The Winsborough Senior Team Survey 2017 Report has shed light on the key challenges facing leadership in New Zealand organisations.
What is very clear is that ‘teamwork at the top’ matters. The major challenges facing the effectiveness of senior teams are not the individuals in the team - in fact most top teams consist of exceptionally talented members. The challenges and opportunities instead come from how these individuals connect, co-ordinate and align.
In this blog, we look at two of the four key factors of senior team strength that came through in the survey and contribute to leadership success.
Strength factors in successful leadership teams
Consistent with the findings from the 2007 report, the topics of ‘Cohesion’ and ‘Shared Direction’ are key elements of strength in successful leadership teams – both sharing a common thread theme which emphasises the importance of ‘team work’.
Let’s look at each factor in more detail to see how it contributes to success.
The Winsborough Senior Team Survey 2017 Report shows that effective senior teams are more unified and cohesive than less effective senior teams (‘cohesive’ meaning that they agree on and work collaboratively to achieve organisational and strategic priorities).
It’s also worth noting that the survey results show how a lack of cohesion in terms of a lack of shared perspective, negatively impacts on team effectiveness. CEOs’ scores were consistently and significantly higher in comparison to the scores of Tier Two Leaders – CEOs rated their teams on average 16% higher than Tier Two Leaders on how cohesive they think their own senior teams are.
Perhaps it is in the nature of a CEO to be overconfident and more optimistic about the performance of their team than their Tier Two Leaders, but to hold such ‘consistently different perceptions of team effectiveness points to a lack of shared situational awareness in senior teams.’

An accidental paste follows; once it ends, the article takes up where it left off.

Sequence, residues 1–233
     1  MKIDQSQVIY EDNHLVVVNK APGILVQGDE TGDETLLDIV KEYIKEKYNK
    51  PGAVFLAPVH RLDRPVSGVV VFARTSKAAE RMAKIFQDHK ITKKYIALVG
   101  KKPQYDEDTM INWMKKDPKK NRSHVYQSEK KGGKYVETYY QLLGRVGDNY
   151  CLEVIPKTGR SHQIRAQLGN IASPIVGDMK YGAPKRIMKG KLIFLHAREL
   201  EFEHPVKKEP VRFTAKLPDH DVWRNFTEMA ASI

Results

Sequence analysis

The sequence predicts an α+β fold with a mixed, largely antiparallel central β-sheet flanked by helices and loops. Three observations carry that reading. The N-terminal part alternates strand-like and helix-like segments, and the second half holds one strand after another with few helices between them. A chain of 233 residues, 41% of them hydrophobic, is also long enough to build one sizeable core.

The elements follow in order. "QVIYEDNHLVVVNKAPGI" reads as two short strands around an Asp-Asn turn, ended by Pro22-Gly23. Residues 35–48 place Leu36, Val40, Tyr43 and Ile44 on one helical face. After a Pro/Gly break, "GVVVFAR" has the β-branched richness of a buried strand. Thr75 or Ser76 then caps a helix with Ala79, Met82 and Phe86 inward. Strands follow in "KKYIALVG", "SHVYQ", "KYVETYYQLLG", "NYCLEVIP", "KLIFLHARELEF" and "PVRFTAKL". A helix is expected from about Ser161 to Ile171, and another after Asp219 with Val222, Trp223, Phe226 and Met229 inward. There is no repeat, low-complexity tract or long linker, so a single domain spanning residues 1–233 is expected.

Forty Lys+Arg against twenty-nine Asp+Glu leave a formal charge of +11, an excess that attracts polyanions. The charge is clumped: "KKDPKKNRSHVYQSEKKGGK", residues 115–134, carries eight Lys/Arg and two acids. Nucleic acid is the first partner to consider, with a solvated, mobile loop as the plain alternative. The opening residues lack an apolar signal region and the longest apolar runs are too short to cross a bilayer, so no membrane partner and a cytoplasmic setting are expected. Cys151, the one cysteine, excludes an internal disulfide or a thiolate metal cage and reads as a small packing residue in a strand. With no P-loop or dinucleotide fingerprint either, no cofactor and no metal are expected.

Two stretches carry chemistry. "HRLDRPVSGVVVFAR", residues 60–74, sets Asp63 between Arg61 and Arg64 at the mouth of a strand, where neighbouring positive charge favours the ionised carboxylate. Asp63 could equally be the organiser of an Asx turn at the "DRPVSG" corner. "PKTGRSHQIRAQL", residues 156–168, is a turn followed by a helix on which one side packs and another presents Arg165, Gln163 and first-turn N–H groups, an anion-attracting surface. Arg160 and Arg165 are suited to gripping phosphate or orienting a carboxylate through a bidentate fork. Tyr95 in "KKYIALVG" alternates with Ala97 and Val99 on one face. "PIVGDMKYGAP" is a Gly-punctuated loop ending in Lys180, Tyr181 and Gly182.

So why is there a lack of cohesion? The Report points out that senior team members really have two roles – their functional lead role and their senior team role. And while attention is paid to the functional role, their senior role and the responsibilities that go with it are often vague or loosely defined. When this is the case cohesion can be a little out of reach and can be a barrier to organisational effectiveness.
The Report shows that in order to improve team effectiveness, clarity on roles, responsibilities, accountabilities, processes and measures of success need to be established as they underpin the development of cohesion and unity for the team.
The survey showed that without a clear shared direction, a senior team can’t pull together, and the organisation can seem directionless. One of the survey participants summed it up perfectly.
“It’s the equivalent of a rowing crew all deciding for themselves
when to row and where to go – chaos.”
While the senior team are responsible for providing and clearly communicating direction and goals for their organisation, they also need to do this for themselves as a team. These KPIs need to be measurable and built around the direction the team needs to head in rather than the business as a whole.
This is not as easily achieved as though the goals of functional teams can be relatively obvious, clear and measurable, for the senior team they can be much harder to determine. That’s why it’s often overlooked by action-orientated senior teams.
The bottom line from these findings is that having a high-performance team is not just about hiring high performers in a team. An effective senior team needs to work cohesively with a clear shared direction - the sum of parts is greater only when the team has synergy.